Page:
The spread of the Rosary, a Marian devotion, is attributed to the preaching of Dominic.The Rosary has for centuries been at the heart of the Dominican Order. Pope Pius XI stated, "The Rosary of Mary is the principle and foundation on which the very Order of Saint Dominic rests for making perfect the life of its members and obtaining the salvation of others." For centuries, Dominicans have been instrumental in spreading the Rosary and emphasizing the Catholic belief in the power of the Rosary.
The feast of Saint Dominic is celebrated with great pomp and devotion in Malta, in the old city of Birgu and the capital city Valletta. The Dominican order has very strong links with Malta and Pope Pius V, a Dominican friar himself, aided the Knights of St. John to build the city of Valletta.
The Dominican Order, known formally as the Order of Preachers, is a mendicant order of the Catholic Church founded in France by the Spanish priest Saint Dominic. It was approved by Pope Innocent III via the Papal bull Religiosam vitam on 22 December 1216. Members of the order, who are referred to as Dominicans, generally carry the letters OP after their names, standing for Ordinis Praedicatorum, meaning of the Order of Preachers. Membership in the order includes friars, nuns, active sisters, and affiliated lay or secular Dominicans.
Pope Honorius III, born Cencio Savelli, was the head of the Catholic Church and ruler of the Papal States from 18 July 1216 to his death. A canon at the Basilica di Santa Maria Maggiore, he came to hold a number of important administrative positions, including that of Camerlengo. In 1197, he became tutor to the young Frederick II. Elected to the papacy in July 1216, he took the name Honorius III. As pope, he worked to promote the Fifth Crusade, which had been planned under his predecessor. Honorius repeatedly exhorted King Andrew II of Hungary and Emperor Frederick II to fulfill their vows to participate. He also gave approval to the recently formed Dominican and Franciscan religious orders.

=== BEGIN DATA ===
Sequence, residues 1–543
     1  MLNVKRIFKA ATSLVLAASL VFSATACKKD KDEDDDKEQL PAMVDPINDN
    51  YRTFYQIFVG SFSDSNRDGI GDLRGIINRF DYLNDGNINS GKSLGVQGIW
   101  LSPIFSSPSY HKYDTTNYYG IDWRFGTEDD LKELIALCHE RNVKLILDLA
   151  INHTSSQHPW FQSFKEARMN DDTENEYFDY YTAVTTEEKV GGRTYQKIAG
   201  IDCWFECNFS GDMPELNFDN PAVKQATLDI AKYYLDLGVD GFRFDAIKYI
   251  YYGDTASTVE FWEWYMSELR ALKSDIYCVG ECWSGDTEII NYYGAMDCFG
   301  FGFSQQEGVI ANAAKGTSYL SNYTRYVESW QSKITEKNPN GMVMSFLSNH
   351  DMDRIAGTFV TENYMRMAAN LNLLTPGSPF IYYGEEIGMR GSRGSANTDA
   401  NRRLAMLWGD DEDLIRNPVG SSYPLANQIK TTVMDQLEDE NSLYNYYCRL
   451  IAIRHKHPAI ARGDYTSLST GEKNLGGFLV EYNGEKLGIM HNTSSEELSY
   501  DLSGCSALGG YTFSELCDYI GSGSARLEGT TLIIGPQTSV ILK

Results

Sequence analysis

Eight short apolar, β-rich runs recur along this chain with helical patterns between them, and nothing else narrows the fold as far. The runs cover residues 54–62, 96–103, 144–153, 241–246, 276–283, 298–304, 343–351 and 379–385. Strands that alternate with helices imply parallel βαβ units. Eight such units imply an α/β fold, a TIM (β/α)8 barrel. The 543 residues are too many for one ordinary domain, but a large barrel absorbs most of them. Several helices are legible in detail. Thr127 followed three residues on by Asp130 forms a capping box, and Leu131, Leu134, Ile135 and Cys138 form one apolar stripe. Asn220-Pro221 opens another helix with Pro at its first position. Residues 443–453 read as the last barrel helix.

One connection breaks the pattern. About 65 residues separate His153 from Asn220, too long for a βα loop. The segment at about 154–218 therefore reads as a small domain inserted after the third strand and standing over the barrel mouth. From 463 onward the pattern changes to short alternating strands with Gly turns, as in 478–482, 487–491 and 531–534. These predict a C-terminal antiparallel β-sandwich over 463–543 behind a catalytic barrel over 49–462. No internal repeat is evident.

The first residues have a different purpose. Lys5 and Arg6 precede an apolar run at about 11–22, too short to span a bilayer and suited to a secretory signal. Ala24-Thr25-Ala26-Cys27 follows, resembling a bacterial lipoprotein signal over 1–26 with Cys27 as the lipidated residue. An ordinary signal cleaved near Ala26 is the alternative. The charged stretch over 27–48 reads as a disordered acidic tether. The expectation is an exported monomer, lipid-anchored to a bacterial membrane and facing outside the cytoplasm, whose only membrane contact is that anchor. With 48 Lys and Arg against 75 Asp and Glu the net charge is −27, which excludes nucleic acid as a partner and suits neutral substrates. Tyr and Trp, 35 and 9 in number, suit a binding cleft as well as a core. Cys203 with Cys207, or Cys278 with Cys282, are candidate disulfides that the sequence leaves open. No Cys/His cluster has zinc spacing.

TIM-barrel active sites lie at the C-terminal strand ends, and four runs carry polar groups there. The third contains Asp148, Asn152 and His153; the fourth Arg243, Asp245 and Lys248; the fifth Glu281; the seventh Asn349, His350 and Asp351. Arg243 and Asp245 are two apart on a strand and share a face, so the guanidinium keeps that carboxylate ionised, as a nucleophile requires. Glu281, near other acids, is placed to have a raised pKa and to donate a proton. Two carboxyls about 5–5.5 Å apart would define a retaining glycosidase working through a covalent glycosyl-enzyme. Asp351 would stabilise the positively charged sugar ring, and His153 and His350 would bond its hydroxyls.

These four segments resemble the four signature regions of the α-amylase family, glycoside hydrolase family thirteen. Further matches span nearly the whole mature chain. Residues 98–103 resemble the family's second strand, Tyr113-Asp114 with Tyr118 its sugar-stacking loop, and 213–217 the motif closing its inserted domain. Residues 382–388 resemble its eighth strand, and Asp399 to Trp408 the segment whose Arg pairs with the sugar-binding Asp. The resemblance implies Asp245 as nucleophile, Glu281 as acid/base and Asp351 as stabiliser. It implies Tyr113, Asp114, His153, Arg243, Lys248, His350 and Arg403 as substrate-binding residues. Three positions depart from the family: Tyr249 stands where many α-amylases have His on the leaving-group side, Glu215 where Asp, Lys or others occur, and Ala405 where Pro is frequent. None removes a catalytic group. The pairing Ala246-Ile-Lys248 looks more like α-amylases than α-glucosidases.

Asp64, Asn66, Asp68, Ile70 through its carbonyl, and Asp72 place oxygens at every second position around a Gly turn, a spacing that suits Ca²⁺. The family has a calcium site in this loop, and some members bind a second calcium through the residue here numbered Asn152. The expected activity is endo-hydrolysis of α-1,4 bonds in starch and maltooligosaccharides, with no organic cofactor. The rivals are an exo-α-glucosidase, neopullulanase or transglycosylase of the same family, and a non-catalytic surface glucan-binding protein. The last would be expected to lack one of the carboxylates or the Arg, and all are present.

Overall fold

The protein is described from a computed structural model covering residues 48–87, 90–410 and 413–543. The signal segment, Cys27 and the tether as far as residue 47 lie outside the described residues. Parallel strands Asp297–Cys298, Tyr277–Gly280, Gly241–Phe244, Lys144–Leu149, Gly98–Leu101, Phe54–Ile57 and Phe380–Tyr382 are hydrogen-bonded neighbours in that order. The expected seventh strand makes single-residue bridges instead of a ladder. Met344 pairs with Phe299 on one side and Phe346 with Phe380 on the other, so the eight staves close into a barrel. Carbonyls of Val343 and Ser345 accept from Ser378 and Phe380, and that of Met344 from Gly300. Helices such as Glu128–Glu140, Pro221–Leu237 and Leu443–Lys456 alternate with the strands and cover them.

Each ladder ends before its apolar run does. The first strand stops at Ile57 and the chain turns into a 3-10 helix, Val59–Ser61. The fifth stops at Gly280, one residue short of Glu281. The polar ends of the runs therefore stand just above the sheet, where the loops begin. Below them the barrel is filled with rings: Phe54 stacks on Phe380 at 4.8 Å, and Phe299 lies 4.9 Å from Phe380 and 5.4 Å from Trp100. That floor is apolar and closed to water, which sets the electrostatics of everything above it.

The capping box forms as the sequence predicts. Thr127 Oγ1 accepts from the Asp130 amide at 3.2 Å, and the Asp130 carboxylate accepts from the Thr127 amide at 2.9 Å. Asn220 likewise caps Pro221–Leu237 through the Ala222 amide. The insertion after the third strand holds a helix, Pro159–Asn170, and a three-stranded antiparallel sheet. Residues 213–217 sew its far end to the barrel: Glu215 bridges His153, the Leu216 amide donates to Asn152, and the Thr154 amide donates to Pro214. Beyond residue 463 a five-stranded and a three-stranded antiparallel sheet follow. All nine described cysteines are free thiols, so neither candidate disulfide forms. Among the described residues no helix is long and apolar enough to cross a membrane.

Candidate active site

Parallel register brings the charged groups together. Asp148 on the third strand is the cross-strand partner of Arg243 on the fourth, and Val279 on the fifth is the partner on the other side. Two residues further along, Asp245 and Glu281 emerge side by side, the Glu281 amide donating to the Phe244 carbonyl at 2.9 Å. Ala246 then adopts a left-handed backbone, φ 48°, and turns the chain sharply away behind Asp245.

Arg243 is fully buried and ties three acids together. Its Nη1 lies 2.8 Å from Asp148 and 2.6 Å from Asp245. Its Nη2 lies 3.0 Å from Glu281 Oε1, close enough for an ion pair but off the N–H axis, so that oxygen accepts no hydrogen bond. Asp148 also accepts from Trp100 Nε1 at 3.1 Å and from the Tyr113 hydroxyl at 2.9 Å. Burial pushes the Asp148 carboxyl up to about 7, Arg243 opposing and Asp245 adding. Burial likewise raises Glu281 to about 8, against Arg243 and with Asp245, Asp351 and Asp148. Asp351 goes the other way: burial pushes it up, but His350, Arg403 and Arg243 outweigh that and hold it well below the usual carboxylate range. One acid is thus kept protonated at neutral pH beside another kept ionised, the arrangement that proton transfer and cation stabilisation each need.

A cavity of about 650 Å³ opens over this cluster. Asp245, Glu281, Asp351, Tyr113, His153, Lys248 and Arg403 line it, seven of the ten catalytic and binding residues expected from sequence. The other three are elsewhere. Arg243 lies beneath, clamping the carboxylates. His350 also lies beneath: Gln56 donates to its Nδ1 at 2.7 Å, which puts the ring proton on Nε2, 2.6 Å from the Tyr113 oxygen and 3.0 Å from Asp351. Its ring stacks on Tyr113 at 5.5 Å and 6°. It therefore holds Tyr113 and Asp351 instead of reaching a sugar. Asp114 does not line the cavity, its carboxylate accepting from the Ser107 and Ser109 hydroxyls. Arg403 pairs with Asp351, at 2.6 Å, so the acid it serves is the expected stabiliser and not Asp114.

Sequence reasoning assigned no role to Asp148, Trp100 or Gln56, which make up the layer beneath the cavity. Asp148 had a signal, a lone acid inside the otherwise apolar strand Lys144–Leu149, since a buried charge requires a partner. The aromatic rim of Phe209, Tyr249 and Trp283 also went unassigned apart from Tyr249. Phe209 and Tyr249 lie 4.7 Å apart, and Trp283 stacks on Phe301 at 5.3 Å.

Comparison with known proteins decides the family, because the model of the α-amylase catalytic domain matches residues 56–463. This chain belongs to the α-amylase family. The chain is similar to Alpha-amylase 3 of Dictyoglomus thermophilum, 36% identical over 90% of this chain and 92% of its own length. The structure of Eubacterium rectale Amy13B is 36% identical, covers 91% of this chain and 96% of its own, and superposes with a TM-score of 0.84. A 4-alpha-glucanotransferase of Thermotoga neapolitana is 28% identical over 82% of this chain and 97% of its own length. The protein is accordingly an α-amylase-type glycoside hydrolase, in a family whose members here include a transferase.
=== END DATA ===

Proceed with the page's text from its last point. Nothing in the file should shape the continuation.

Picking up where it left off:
Peter of Verona, also known as Saint Peter Martyr and Saint Peter of Verona, was a 13th-century Italian Catholic priest. He was a Dominican friar and a celebrated preacher. He served as Inquisitor in Lombardy, was killed by an assassin, and was canonized as a Catholic saint 11 months after his death, making this the fastest canonization in history.
Hyacinth, O.P., was a Polish Dominican priest and missionary that worked to reform women's monasteries in his native Poland. He was a Doctor of Sacred Studies, educated in Paris and Bologna. While in Rome, he witnessed a miracle performed by Dominic of Osma, and became a Dominican friar, along with Ceslaus and two attendants of the Bishop of Kraków - Herman and Henry.
The Basilica of Saint Sabina is a historic church on the Aventine Hill in Rome, Italy. It is a titular minor basilica and mother church of the Roman Catholic Order of Preachers, better known as the Dominicans. Santa Sabina is perched high above the Tiber river to the north and the Circus Maximus to the east. It is next to the small public park of Giardino degli Aranci, which has a scenic terrace overlooking Rome. It is a short distance from the headquarters of the Knights of Malta.
Santa Maria sopra Minerva is one of the major churches of the Roman Catholic Order of Preachers in Rome, Italy. The church's name derives from the fact that the first Christian church structure on the site was built directly over the ruins or foundations of a temple dedicated to the Egyptian goddess Isis, which had been erroneously ascribed to the Greco-Roman goddess Minerva.